Burnout is not always a people problem… Sometimes it’s the organization.

 

Google “burnout” and you will find 85.6 million opinions on it. Most of which will say something like:

  • Take a break
  • Try Yoga
  • Drink less caffeine
  • Exercise
  • Eat right

As if it is the individuals issue and problem.  A deeper look at burnout in organizations points to organizational structure and culture as a cause.

Employees don’t need gyms or foosball tables to be highly engaged. They need meaningful work, a dose of autonomy, and a path to gain mastery over their work. Organizations get in the way of this in a number of ways.

Help employees gain control of their output. The employees may not have control over their output. In todays distributed remote workplace, people are often waiting on someone else to deliver a portion of the project or product. When people are not held accountable to deliver their portion on time, people experience loss of control and burnout.

I can remember often being frustrated by a client implementation team that would promise a 30 day go live date and then deliver a 60-day actual. That is thirty days of lost production and revenue!

Lack of clear expectations can also create burnout. I remember a client that wanted to improve their sales results. And they did not have a goal! Their stated goal was “More sales”. He did not want to set a goal because if it was too easy, the team would not work hard enough. And, if it was too high it would de-motivate them.  You can’t hold people accountable to a goal that is not set or that is too vague like “more”. And people want mile markers on the road to success.

                                     You can’t hold people accountable to a goal that is not set.

Then there is trying to work in a toxic culture. You know those cultures where there are the “in” kids and the rest. I can remember being on a sales team where the east coast Jocks, got the attention, the fun assignments, and the recognition. Everyone else was second class.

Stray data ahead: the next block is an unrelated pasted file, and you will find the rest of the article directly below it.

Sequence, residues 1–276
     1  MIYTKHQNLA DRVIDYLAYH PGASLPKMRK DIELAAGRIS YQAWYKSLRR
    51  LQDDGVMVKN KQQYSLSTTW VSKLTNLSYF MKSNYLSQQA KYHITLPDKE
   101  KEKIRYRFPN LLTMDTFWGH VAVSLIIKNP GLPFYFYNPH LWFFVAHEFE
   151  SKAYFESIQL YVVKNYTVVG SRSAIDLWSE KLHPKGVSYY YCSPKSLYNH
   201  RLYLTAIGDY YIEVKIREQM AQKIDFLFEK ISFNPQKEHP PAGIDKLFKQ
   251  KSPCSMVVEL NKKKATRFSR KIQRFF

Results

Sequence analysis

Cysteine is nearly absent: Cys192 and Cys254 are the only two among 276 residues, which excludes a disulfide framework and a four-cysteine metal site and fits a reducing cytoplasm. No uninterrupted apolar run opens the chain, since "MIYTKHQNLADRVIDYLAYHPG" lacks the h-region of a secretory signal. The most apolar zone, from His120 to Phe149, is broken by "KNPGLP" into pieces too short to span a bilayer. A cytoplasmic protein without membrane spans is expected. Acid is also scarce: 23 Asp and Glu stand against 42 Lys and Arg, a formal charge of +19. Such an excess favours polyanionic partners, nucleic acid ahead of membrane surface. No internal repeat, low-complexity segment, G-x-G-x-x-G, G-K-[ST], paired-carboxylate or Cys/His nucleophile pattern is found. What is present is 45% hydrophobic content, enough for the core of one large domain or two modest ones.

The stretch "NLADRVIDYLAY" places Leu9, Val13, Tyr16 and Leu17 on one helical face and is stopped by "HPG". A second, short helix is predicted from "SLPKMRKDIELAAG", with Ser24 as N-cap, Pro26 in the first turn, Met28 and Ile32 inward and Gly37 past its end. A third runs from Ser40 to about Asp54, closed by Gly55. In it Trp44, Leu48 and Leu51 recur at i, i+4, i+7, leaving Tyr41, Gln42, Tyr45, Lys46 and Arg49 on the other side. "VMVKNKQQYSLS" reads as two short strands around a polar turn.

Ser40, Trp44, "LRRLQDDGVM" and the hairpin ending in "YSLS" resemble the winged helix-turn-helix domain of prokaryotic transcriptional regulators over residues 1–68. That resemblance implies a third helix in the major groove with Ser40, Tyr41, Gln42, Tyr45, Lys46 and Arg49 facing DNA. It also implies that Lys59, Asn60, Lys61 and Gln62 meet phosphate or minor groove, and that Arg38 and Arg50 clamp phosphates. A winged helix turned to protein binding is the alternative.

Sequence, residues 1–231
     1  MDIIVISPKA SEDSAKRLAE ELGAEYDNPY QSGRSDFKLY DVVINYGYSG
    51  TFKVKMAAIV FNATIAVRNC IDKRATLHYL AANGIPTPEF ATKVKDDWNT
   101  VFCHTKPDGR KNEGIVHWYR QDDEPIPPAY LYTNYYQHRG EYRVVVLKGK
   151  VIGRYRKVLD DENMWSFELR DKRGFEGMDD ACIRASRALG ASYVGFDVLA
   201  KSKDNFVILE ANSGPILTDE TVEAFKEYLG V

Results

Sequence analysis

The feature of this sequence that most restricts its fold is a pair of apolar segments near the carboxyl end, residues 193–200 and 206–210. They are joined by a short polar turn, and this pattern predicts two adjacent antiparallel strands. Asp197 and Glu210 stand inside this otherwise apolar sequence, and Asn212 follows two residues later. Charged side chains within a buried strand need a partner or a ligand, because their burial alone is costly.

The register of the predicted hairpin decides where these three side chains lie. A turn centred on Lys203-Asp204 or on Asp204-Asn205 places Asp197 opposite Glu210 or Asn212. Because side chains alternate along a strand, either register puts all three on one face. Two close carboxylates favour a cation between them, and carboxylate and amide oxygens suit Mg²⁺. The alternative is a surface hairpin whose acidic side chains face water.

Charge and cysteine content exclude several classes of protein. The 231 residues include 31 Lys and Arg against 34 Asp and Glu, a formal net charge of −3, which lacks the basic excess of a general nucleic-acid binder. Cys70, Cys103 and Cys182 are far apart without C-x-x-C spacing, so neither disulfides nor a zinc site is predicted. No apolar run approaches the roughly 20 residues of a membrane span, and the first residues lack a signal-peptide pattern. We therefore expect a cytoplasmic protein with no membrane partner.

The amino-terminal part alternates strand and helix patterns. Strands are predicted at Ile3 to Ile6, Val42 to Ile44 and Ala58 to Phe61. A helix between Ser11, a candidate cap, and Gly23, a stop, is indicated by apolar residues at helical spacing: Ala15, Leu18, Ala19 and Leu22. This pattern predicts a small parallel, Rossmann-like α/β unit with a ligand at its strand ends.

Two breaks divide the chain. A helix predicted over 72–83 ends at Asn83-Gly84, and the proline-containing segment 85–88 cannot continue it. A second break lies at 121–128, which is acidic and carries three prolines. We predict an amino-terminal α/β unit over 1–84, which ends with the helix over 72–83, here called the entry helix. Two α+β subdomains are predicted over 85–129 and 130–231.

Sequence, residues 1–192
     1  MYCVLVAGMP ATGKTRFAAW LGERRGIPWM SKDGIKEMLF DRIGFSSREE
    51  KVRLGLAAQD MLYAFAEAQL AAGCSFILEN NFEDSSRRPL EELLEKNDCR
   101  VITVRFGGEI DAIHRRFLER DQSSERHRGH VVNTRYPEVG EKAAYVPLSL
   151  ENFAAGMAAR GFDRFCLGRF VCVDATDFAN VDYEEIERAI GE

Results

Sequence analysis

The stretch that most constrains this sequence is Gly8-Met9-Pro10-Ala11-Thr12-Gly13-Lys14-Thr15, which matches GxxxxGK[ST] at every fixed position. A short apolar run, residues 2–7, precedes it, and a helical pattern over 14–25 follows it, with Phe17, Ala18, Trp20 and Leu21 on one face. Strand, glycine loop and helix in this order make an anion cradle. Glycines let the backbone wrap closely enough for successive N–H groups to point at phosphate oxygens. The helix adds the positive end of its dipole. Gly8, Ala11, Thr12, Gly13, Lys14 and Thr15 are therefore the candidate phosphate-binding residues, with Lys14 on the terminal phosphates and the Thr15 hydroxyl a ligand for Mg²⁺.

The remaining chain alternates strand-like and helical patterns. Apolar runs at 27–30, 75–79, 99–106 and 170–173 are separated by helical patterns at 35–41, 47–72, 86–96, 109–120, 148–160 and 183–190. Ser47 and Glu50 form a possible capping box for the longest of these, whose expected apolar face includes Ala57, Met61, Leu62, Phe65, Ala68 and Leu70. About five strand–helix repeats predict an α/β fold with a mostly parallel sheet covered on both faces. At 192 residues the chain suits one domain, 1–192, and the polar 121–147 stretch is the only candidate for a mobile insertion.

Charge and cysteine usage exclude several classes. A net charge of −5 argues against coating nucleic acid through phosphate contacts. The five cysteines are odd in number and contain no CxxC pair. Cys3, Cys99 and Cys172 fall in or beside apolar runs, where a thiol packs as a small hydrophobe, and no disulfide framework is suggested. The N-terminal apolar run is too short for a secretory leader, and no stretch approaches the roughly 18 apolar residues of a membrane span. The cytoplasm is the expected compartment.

I have had several clients over the years stress about the toxic employee that does pretty good work – above average. But they tear everyone else down. In one hundred percent of the cases when they let the toxic employee go, productivity shot up. But when organizations tolerate the toxic superstar, morale falls, people feel like what they do doesn’t matter, and people get burned out.

I can hear some readers asking, “so who cares”? According to an article in Forbes Magazine burnout costs $120 Billion – $190 Billion in healthcare costs every year. If you are an owner, you should care.

So, what can organizations do?

  1. Create Clarity in the organization. Be clear on goals, expectations and agreements. Make sure that everyone including the executive level is held accountable for results.
  2. Let people exercise some autonomy on how they achieve goals and results.
  3. Help them learn new useful skills.
  4. Eliminate Toxic employees.

If you would like to learn more about the Three Conversations that Drive Managerial and Leadership Success, you can get the white paper here.

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